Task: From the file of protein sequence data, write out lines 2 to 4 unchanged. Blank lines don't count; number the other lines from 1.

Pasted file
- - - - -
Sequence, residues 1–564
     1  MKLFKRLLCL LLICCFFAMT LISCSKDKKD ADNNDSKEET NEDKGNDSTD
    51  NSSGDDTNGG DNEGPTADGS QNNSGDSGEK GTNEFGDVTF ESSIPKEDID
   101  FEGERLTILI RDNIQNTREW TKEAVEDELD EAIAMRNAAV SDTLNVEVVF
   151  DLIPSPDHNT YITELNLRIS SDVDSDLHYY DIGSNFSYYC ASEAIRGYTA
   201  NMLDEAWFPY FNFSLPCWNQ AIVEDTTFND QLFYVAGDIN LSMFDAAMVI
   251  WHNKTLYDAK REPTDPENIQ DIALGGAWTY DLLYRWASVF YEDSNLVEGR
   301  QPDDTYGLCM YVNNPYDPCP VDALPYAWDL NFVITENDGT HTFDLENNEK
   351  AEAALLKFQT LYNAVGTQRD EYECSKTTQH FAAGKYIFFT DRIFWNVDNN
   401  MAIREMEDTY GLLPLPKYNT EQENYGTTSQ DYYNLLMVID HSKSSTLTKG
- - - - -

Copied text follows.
     1  MKLFKRLLCL LLICCFFAMT LISCSKDKKD ADNNDSKEET NEDKGNDSTD
    51  NSSGDDTNGG DNEGPTADGS QNNSGDSGEK GTNEFGDVTF ESSIPKEDID
   101  FEGERLTILI RDNIQNTREW TKEAVEDELD EAIAMRNAAV SDTLNVEVVF